Lynas not only needs to get the refinery running on schedule to take advantage of the high prices of rare earths, but also the company could face increasing political uncertainty. In such an environment, it is of utmost importance that management avoid creating any additional problems for itself. Investors must also stay on alert when management appears to stumble when facing large challenges and complexities. In this particular case, it seems Curtis has received the message and is moving post haste to make amends. (If I were still an investor in Lynas, I would write to management to make my concerns known at the same time I reaffirm my support for the company).

In the meantime, questions may persist about LAMP’s schedule.

Matthew James, a Lynas executive vice president, noted in the NY Times article that the facility remained on schedule but “…Lynas was waiting to see whether the I.A.E.A. panel recommended any changes.” The recommendations from the IAEA (International Atomic Energy Agency) panel arrived the following day. In “Malaysia says Lynas rare earths plant must meet conditions,” Reuters quoted a government official who claimed that it will take another year for Lynas to satisfy the requirements from the recommendations. In the same article, Curtis appears to indicate nothing has changed:

We believe the plant will be commissioned by the end of 2011…We expect to deliver some product to customers in the first half of 2012…We have always projected that…full ramp-up will occur by the second half of 2012. We believe that schedule is intact.

In fact, Lynas quickly moved to dispel the rumors about unofficial statements of delays. On July 1, Lynas issued a press release including this clarification:

We have received confirmation from the Malaysian government that no spokesperson for the government stated a 1 to 2 years delay as quoted by some media articles.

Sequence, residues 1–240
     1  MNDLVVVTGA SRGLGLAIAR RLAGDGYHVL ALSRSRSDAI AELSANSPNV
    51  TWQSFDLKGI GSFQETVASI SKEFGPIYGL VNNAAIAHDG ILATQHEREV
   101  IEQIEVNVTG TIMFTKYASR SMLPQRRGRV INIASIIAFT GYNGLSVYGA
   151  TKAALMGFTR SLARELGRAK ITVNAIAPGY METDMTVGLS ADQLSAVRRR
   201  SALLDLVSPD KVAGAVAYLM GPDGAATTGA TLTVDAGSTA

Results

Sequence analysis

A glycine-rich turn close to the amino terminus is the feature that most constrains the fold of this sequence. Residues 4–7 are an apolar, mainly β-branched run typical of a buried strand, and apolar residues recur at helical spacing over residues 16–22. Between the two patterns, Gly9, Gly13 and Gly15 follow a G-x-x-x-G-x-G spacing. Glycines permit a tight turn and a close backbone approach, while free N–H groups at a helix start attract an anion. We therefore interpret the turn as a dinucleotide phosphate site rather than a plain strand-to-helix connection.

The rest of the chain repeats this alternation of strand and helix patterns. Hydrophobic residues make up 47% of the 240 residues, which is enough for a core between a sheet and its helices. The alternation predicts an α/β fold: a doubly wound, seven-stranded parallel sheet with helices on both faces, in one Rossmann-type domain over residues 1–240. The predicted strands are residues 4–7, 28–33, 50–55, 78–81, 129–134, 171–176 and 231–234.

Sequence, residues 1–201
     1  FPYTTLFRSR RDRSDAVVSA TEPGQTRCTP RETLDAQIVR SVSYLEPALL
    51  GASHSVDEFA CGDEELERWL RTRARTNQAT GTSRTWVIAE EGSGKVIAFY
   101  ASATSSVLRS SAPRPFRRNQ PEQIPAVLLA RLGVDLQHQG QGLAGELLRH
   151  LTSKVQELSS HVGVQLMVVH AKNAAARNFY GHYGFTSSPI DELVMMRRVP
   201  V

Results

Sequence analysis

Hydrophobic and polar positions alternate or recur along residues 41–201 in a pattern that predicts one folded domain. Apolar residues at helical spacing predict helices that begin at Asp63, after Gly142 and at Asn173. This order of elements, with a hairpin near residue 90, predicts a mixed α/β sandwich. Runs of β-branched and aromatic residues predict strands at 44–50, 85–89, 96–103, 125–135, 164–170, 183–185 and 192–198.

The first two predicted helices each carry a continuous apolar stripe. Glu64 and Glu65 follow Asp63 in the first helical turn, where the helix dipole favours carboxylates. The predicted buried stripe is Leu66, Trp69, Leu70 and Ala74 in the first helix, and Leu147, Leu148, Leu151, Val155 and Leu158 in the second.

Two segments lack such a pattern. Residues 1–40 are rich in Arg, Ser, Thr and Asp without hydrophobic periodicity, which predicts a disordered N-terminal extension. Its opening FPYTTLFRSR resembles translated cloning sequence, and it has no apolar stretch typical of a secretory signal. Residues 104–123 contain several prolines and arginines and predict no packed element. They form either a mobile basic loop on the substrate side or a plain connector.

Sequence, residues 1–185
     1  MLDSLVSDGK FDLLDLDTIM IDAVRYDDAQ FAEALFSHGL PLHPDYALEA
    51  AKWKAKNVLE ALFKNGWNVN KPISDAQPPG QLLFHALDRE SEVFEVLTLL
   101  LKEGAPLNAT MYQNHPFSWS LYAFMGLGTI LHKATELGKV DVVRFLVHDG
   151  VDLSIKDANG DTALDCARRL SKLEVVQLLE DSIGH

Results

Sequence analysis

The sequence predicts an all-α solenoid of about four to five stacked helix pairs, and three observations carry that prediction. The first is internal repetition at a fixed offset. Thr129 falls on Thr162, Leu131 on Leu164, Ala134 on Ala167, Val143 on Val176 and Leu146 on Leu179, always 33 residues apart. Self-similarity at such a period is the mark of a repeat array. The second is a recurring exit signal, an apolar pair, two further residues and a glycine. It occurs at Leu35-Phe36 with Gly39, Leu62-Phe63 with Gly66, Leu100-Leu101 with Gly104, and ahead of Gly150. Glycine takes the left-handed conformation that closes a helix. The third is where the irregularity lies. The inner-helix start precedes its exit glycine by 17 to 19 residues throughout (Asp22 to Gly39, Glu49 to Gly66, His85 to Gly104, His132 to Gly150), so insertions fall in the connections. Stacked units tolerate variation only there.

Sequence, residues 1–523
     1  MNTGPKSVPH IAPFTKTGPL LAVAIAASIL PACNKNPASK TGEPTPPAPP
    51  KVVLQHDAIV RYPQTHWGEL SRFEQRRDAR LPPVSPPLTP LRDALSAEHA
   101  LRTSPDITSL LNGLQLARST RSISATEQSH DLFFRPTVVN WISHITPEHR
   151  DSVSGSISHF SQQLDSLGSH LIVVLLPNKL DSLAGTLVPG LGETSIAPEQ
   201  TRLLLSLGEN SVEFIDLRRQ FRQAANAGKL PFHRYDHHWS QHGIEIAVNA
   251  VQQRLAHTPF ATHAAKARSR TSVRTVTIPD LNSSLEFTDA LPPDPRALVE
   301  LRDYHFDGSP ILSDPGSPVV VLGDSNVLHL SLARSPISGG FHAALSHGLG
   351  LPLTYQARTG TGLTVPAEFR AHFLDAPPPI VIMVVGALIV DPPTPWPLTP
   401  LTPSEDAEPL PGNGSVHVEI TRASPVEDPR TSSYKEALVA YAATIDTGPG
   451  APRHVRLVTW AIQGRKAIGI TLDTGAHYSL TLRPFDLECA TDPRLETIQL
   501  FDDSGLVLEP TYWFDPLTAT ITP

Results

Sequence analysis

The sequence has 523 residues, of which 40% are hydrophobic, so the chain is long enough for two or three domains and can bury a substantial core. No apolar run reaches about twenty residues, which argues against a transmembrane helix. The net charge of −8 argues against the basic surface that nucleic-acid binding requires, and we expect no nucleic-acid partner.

Going into a contentious election year, we should not be surprised to hear “unofficial” statements conflict with official statements as the government tries to manage its commercial interest in Lynas’s operations and its political interest in quieting protesters.

The troubles facing Lynas speak volumes about how premature it is to talk about imminent supply gluts in rare earth elements (REEs). (Still waiting to get more concrete details on a vast rare earth deposit supposedly Japanese scientists claim to have found on the floor of the Pacific Ocean near Hawaii). The Lynas experience is a sobering reminder of one of the many challenges facing companies that are rushing to produce rare earth elements and associated refined products. All these companies face various degrees of technical, financial, regulatory, and political challenges. Becoming a viable rare earth company is no simple task. Yet, the NY Times article claims:

Lynas has an incentive to finish the refinery quickly. Export restrictions by China in the last year have caused global shortages of rare earths and soaring prices. But other companies are scrambling to open new refineries in the United States, Mongolia, Vietnam and India by the end of 2013, which could cause rare earth prices to tumble.

This broad generalization assumes that Lynas is, and will be, the only company to run into obstacles and delays. I think the odds of everything falling into place neatly as planned for the entire collection of REE-aspirants is somewhere just north of zero. I strongly suspect that REE customers are duly noting the on-going challenges and will become extremely eager to lock up any and all supply that comes on-line for years to come. In an extreme scenario, we could see at least one panic that generates a self-reinforcing, upward price shock.

For now, the price shock is in the shares of Lynas. Lynas shares were halted ahead of the IAEA announcement, and they promptly dropped as much as 14% upon resumption of trading. The stock has bounced back a little to $1.92, and I expect it should stabilize here in the near-term absent any new bad headlines.

Molycorp (NYSE:MCP) moved in the opposite direction, gaining 7% on the heels of Lynas’s woes. This move pushed MCP right into its 50-day moving average (DMA) resistance as the stock bounced perfectly off 200DMA support and out of oversold conditions as discussed in my article at this link. The stock has also returned to where I originally thought a bullish breakout was imminent. I had to revise my technical assessment after the breakout failed to materialize and then MCP announced a convertible and stock offering that created a (temporary) overhang on the stock.

click to enlarge image

Molycorp

Molycorp's roundtrip back to the 50DMA seems to have carved out support at the 200DMA

Chart created using TeleChart

I think as Lynas works to resolve its issues in Malaysia, this entire episode will deliver new premiums for REE companies that are succeeding at hitting key milestones. Assuming Lynas will eventually overcome over its current roadblocks, it should also re-experience more upward momentum in due time.

Be careful out there!

Source: Lynas Stumbles While Molycorp Recovers: Sobering Reminders of Rare Earth's Challenges